The Kaua‘i Museum hosts a cooking club from 11 a.m. to 1 p.m. the third Saturday of every month that features a local chef preparing meals that are quintessentially Kaua‘i. Raw foods advocate Jan DeLaVega returns this Saturday for her third presentation on preparing exclusively uncooked recipes. Her focus this week will be on breads, crackers and breakfast items. Attendees can still expect her usual menu, which includes pupu, soup, salad, main dish and dessert.
“I demo as much as I can so they can see how easy it is,” DeLaVega said.
DeLaVega spends more then 18 hours preparing for the three-hour raw foods class. “Because there is no heat used to cook the food,” she said, “it helps if everything can sit so the flavors marry .”
DeLaVega provides handouts of the recipes, plus a book and Web site reference list. Many attendees are returning students so she is able to delve deeper into the philosophy behind a raw foods lifestyle.
“Since people come again and again, we are starting to have dialogue,” she said. “Last time we talked about the spiritual side of eating raw.”
In the past year since she has been eating an exclusively raw diet she’s observed how her mind and spirit have changed.
“I am not my cultural way of cooking,” said the Tennessee native. “I don’t have to eat barbecue ribs and collard greens with salt pork.”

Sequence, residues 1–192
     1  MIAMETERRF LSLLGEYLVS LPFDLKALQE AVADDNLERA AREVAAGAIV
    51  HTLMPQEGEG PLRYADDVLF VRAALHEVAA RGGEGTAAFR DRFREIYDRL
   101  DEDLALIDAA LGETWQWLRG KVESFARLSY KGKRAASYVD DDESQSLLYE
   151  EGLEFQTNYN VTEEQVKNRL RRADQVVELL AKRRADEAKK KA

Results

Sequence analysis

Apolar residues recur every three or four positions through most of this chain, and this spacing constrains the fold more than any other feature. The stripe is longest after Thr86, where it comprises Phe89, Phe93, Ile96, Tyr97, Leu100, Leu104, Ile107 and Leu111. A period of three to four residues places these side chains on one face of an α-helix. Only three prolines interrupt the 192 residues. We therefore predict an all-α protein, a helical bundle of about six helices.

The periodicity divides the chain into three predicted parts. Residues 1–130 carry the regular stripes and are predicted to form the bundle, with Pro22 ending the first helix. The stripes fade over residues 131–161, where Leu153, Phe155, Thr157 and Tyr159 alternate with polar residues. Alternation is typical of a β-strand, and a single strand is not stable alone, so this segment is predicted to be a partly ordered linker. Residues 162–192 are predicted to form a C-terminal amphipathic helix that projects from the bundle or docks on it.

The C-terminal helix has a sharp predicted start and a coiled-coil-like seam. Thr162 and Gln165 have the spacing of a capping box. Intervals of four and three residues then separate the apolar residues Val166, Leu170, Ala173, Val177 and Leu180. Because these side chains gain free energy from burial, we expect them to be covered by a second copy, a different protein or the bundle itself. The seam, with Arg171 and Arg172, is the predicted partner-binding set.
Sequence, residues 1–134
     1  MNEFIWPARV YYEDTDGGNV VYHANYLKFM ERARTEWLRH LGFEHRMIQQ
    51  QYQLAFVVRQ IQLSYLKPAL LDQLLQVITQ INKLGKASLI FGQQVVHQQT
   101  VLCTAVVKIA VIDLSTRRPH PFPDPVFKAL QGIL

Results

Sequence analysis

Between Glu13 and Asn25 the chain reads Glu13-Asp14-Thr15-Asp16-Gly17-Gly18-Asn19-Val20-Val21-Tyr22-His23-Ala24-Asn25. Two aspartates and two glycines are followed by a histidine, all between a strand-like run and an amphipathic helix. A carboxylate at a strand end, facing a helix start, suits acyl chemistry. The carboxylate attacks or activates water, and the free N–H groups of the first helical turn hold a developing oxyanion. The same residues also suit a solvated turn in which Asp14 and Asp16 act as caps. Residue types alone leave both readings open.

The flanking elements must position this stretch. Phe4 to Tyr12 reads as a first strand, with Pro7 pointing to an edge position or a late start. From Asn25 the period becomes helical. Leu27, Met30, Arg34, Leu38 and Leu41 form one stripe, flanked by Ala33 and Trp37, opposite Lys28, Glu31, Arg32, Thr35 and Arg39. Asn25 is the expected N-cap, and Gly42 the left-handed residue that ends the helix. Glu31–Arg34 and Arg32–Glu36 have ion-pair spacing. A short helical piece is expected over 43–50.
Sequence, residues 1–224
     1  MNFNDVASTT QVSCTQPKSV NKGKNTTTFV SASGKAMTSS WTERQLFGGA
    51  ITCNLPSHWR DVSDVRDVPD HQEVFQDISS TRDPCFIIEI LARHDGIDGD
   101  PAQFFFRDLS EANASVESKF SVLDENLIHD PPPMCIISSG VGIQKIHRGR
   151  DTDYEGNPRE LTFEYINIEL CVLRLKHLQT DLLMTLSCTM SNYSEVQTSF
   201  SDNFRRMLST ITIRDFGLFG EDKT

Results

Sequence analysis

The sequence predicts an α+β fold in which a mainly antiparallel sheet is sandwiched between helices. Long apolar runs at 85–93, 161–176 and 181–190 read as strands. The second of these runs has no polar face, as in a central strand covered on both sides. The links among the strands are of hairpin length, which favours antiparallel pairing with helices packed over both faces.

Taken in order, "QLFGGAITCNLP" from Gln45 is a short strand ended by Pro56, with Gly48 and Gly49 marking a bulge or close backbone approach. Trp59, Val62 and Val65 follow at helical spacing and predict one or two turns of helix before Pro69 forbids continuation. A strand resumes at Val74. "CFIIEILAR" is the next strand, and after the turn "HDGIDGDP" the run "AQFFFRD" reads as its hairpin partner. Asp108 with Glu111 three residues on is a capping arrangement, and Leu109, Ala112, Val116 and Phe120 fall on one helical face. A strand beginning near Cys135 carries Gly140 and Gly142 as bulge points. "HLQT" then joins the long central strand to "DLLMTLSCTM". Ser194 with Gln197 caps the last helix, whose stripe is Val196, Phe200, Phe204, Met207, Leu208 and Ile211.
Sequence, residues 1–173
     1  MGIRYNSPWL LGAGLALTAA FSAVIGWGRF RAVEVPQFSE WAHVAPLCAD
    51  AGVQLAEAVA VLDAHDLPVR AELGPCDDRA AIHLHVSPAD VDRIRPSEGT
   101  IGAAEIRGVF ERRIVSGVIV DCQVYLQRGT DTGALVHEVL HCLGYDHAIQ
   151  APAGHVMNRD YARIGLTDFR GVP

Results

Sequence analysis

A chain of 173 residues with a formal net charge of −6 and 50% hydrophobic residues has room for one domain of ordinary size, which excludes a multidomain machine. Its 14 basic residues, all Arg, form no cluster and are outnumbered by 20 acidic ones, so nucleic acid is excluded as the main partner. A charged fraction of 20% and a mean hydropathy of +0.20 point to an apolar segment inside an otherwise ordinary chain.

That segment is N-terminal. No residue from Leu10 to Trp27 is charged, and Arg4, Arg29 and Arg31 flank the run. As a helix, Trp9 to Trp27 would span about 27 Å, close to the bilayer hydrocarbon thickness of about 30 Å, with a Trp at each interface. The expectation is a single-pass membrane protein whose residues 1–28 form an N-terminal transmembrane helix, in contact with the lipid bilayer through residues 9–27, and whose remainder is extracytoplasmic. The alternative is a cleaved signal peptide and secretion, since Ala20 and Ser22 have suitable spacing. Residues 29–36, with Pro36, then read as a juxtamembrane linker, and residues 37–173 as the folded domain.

What’s more, this awareness was just the tip of the iceberg when it came to other aspects of a culture she wanted to release.
“Since going raw I notice subtle things that are having the most impact,” she said. “And believe me, I am not a subtle person — I live big.”
In the early 1990s she worked as a vegan chef for touring rock stars like the B-52’s, Indigo Girls, Peter Gabriel and Sting. While on the road with a band, dinner was always served after the sound check, just before the musicians took the stage.
“It is a very stressful time for everyone,” she said.
She recognized the transformative effect her food had on her clients.
“They would become lambs, so sweet and gentle,” she said. “Like a nine year-old all excited about their food.”
Cooking has always been one way the 15-year Kaua‘i resident expresses affection.
“Food is who I am,” she said. “I put real love and care into the food I make.”
The 80-day juice fast that prefaced DeLaVega’s raw food commitment gave her clarity on how dependent she was on food preparation for personal identity. She described days during the fast when she felt like she was writhing inside with snakes.
“I wrestled like Jacob with the Angel Gabrielle,” she said. “I wrestled with all the stuff attached to food.”
Once her struggles had abated, DeLaVega felt transformed.
“I know that I have been changed at a profound level,” she said. “When we eat this way we are reprogramming our DNA.”
On Saturday she will share research that is being done on how diet relates to DNA.
“Our DNA is working to change us,” she said.
As a full-time employee of the Kaua‘i Museum gift shop and with one 12-year-old daughter still at home, DeLaVega sees her time as a volunteer chef as community service.
“This is how I give love, by working with food — it comes through my hands.”